Syncope: Evaluation and Differential Diagnosis - American Family Physician

Mar 1, 2017 - Syncope is an abrupt and transient loss of consciousness caused by cerebral hypoperfusion. It accounts for 1% to 1.5% of emergency department visits, resulting in high hospital admission rates and significant medical costs. Syncope is classified as neurally mediated, cardiac, and ...

American Family Physician : Article

https://www.aafp.org/afp/2017/0301/p303.html

Hemolytic Anemia: Evaluation and Differential Diagnosis - American Family Physician

Sep 15, 2018 - Hemolytic anemia is defined by the premature destruction of red blood cells, and can be chronic or life-threatening. It should be part of the differential diagnosis for any normocytic or macrocytic anemia. Hemolysis may occur intravascularly, extravascularly in the reticuloendothelial ...

American Family Physician : Article

https://www.aafp.org/afp/2018/0915/p354.html

A Stepwise Approach to the Interpretation of Pulmonary Function Tests - American Family...

Mar 1, 2014 - Office-based pulmonary function testing, also known as spirometry, is a powerful tool for primary care physicians to diagnose and manage respiratory problems. An obstructive defect is indicated by a low forced expiratory volume in one second/forced vital capacity (FEV1/FVC) ratio, which...

American Family Physician : Article

https://www.aafp.org/afp/2014/0301/p359.html

Chronic Kidney Disease: Detection and Evaluation - American Family Physician

Nov 15, 2011 - Chronic kidney disease affects an estimated 27 million adults in the United States, and is associated with significantly increased risk of cardiovascular disease and stroke. Patients should be assessed annually to determine whether they are at increased risk of developing chronic kidney...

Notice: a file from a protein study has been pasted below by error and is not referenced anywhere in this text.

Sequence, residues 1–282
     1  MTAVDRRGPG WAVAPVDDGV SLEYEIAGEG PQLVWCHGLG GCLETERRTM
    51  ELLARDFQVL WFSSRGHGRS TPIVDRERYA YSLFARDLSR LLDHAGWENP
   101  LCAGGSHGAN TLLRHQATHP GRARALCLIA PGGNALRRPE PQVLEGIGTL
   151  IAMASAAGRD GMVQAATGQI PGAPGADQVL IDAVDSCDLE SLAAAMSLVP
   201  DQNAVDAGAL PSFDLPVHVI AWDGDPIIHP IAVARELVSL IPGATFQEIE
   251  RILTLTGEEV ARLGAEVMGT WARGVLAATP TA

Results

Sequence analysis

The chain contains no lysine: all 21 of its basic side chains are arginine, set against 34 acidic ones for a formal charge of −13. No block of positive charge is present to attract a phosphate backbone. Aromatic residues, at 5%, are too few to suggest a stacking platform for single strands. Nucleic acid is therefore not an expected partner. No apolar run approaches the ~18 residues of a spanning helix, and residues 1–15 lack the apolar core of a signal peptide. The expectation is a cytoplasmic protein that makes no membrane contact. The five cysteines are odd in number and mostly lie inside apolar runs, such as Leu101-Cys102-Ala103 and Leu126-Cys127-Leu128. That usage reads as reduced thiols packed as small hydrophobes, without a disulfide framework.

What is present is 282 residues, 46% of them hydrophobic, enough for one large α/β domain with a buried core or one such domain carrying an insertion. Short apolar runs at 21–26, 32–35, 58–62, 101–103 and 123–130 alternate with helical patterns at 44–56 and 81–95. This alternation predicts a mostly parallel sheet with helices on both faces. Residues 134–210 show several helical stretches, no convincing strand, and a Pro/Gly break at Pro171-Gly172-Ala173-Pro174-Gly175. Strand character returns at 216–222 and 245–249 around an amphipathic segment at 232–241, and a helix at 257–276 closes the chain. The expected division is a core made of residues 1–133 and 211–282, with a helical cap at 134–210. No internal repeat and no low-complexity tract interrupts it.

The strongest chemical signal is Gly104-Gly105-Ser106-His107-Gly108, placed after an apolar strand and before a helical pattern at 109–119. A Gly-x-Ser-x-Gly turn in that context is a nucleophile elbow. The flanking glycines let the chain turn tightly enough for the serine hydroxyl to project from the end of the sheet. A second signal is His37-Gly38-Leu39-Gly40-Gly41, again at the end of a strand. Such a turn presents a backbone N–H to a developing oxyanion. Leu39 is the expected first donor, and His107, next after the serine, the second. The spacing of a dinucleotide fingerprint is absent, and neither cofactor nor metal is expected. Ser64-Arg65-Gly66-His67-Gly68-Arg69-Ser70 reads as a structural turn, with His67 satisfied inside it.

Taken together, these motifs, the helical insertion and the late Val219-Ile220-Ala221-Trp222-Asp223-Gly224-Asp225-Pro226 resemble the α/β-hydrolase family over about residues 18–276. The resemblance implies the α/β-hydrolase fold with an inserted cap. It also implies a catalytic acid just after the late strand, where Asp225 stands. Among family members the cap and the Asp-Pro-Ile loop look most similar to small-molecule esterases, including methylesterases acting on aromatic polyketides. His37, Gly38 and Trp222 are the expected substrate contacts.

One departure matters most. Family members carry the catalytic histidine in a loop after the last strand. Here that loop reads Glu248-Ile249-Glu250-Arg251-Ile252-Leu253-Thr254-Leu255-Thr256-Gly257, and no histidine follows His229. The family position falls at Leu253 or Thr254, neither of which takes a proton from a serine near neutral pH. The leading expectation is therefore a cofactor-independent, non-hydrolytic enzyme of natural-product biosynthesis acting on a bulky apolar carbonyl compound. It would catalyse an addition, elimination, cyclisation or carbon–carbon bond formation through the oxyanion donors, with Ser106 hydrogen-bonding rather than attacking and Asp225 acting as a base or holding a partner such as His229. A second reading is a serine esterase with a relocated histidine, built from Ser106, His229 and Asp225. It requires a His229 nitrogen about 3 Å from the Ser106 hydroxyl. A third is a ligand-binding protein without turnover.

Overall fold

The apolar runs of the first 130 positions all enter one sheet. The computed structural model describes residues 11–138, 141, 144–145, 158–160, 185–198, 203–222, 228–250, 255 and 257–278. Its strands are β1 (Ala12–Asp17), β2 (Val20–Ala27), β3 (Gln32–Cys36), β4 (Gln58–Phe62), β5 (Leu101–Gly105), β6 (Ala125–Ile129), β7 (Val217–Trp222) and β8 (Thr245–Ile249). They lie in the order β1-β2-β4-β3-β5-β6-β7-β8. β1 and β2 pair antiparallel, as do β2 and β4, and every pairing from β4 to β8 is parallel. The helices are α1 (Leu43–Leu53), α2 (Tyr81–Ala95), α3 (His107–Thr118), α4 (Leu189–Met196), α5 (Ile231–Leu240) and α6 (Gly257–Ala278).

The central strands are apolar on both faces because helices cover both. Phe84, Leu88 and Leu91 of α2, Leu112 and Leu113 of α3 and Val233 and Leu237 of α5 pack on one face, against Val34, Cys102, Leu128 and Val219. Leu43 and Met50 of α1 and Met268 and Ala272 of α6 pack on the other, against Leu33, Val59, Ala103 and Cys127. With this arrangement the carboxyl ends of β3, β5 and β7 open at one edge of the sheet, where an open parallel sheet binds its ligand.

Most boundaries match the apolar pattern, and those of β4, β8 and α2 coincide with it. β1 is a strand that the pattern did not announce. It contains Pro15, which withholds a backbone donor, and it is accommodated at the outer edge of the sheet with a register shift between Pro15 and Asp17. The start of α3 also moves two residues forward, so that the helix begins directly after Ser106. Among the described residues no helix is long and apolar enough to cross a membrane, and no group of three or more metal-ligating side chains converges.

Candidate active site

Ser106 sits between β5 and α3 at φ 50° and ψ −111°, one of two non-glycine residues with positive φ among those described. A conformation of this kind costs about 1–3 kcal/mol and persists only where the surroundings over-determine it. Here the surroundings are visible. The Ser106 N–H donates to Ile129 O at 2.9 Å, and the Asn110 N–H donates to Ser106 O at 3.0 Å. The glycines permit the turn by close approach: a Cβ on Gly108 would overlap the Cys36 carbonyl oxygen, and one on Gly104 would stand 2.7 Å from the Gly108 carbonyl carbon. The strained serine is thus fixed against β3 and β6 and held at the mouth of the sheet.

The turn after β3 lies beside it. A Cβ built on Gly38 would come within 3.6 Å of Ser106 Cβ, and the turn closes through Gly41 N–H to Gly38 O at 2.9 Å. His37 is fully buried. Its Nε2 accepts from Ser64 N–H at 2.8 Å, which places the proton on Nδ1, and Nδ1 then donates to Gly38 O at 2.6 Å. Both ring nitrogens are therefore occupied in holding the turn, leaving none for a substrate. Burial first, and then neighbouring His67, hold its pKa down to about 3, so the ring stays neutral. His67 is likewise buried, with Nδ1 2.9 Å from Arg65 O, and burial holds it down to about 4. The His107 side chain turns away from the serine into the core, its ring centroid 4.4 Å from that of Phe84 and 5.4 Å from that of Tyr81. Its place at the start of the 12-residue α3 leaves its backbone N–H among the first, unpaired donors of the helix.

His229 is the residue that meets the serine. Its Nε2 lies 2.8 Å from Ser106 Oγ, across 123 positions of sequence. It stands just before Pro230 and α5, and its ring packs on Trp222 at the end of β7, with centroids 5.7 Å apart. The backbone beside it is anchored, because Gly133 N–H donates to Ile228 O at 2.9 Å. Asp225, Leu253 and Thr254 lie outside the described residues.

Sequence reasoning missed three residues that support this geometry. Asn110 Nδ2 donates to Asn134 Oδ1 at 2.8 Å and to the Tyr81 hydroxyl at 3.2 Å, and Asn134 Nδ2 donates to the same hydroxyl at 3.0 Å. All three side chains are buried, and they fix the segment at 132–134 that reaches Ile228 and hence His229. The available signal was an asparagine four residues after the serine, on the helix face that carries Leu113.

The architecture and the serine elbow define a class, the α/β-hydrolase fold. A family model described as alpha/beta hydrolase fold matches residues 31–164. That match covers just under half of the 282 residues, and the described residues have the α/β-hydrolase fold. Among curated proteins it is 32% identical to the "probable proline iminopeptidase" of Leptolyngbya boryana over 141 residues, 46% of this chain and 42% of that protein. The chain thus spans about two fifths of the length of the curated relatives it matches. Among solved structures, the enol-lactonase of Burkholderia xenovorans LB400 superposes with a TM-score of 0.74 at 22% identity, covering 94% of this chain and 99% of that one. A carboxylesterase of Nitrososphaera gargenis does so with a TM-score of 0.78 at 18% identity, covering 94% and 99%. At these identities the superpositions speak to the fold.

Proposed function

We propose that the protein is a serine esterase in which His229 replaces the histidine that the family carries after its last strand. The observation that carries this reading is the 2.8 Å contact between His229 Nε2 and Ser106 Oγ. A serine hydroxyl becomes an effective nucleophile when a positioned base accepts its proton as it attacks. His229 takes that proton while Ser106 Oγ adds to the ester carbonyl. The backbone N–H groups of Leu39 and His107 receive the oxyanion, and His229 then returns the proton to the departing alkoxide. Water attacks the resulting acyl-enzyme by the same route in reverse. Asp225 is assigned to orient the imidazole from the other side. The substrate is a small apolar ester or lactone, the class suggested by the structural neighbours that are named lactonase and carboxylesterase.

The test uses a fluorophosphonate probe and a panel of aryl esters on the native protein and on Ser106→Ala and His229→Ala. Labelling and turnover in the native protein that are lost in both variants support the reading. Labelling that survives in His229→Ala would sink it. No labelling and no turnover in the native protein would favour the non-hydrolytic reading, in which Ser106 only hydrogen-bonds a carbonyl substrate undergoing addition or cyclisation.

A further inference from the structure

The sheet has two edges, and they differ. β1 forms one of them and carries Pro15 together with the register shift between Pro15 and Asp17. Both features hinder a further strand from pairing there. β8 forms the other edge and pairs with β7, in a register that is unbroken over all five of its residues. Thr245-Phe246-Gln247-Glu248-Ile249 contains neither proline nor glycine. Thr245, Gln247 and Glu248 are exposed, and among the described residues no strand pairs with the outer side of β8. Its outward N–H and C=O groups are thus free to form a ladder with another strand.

American Family Physician : Article

https://www.aafp.org/afp/2011/1115/p1138.html

Dysuria: Evaluation and Differential Diagnosis in Adults - American Family Physician

Nov 1, 2015 - The most common cause of acute dysuria is infection, especially cystitis. Other infectious causes include urethritis, sexually transmitted infections, and vaginitis. Noninfectious inflammatory causes include a foreign body in the urinary tract and dermatologic conditions. ...

American Family Physician : Article

https://www.aafp.org/afp/2015/1101/p778.html

Diagnosis and Evaluation of Heart Failure - American Family Physician

Jun 15, 2012 - Heart failure is a common clinical syndrome characterized by dyspnea, fatigue, and signs of volume overload, which may include peripheral edema and pulmonary rales. Heart failure has high morbidity and mortality rates, especially in older persons. Many conditions, such as coronary ...

American Family Physician : Article

https://www.aafp.org/afp/2012/0615/p1161.html

Amenorrhea: A Systematic Approach to Diagnosis and Management - American Family Physician

Jul 1, 2019 - Menstrual patterns can be an indicator of overall health and self-perception of well-being. Primary amenorrhea, defined as the lifelong absence of menses, requires evaluation if menarche has not occurred by 15 years of age or three years post-thelarche. Secondary amenorrhea is ...

American Family Physician : Article

https://www.aafp.org/afp/2019/0701/p39.html

Anemia in Older Adults - American Family Physician

Oct 1, 2018 - Anemia is associated with increased morbidity and mortality in older adults. Diagnostic cutoff values for defining anemia vary with age, sex, and possibly race. Anemia is often asymptomatic and discovered incidentally on laboratory testing. Patients may present with symptoms related to ...

American Family Physician : Article

https://www.aafp.org/afp/2018/1001/p437.html

Evaluation of Short and Tall Stature in Children - American Family Physician